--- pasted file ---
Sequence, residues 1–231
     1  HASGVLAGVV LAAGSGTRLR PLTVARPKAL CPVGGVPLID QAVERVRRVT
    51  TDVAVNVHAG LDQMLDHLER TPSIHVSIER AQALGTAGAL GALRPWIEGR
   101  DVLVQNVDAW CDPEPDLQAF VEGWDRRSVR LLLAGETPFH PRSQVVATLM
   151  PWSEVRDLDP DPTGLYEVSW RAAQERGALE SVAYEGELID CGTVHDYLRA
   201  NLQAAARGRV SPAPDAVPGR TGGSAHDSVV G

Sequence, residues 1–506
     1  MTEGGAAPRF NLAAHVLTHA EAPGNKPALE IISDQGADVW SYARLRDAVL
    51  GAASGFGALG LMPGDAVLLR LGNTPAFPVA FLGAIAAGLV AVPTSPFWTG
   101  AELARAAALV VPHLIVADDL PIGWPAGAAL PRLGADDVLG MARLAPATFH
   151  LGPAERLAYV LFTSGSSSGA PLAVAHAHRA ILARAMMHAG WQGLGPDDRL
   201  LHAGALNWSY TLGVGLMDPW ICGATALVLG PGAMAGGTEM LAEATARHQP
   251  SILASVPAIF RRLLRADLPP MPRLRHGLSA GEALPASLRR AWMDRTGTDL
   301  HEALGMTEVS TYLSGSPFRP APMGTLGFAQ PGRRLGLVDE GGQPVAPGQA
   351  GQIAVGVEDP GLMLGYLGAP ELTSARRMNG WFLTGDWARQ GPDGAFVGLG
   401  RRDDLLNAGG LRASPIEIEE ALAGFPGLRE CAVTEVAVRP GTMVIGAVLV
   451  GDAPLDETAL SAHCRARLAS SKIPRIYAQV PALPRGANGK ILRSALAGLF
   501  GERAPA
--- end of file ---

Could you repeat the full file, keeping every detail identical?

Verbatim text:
Sequence, residues 1–231
     1  HASGVLAGVV LAAGSGTRLR PLTVARPKAL CPVGGVPLID QAVERVRRVT
    51  TDVAVNVHAG LDQMLDHLER TPSIHVSIER AQALGTAGAL GALRPWIEGR
   101  DVLVQNVDAW CDPEPDLQAF VEGWDRRSVR LLLAGETPFH PRSQVVATLM
   151  PWSEVRDLDP DPTGLYEVSW RAAQERGALE SVAYEGELID CGTVHDYLRA
   201  NLQAAARGRV SPAPDAVPGR TGGSAHDSVV G

Sequence, residues 1–506
     1  MTEGGAAPRF NLAAHVLTHA EAPGNKPALE IISDQGADVW SYARLRDAVL
    51  GAASGFGALG LMPGDAVLLR LGNTPAFPVA FLGAIAAGLV AVPTSPFWTG
   101  AELARAAALV VPHLIVADDL PIGWPAGAAL PRLGADDVLG MARLAPATFH
   151  LGPAERLAYV LFTSGSSSGA PLAVAHAHRA ILARAMMHAG WQGLGPDDRL
   201  LHAGALNWSY TLGVGLMDPW ICGATALVLG PGAMAGGTEM LAEATARHQP
   251  SILASVPAIF RRLLRADLPP MPRLRHGLSA GEALPASLRR AWMDRTGTDL
   301  HEALGMTEVS TYLSGSPFRP APMGTLGFAQ PGRRLGLVDE GGQPVAPGQA
   351  GQIAVGVEDP GLMLGYLGAP ELTSARRMNG WFLTGDWARQ GPDGAFVGLG
   401  RRDDLLNAGG LRASPIEIEE ALAGFPGLRE CAVTEVAVRP GTMVIGAVLV
   451  GDAPLDETAL SAHCRARLAS SKIPRIYAQV PALPRGANGK ILRSALAGLF
   501  GERAPA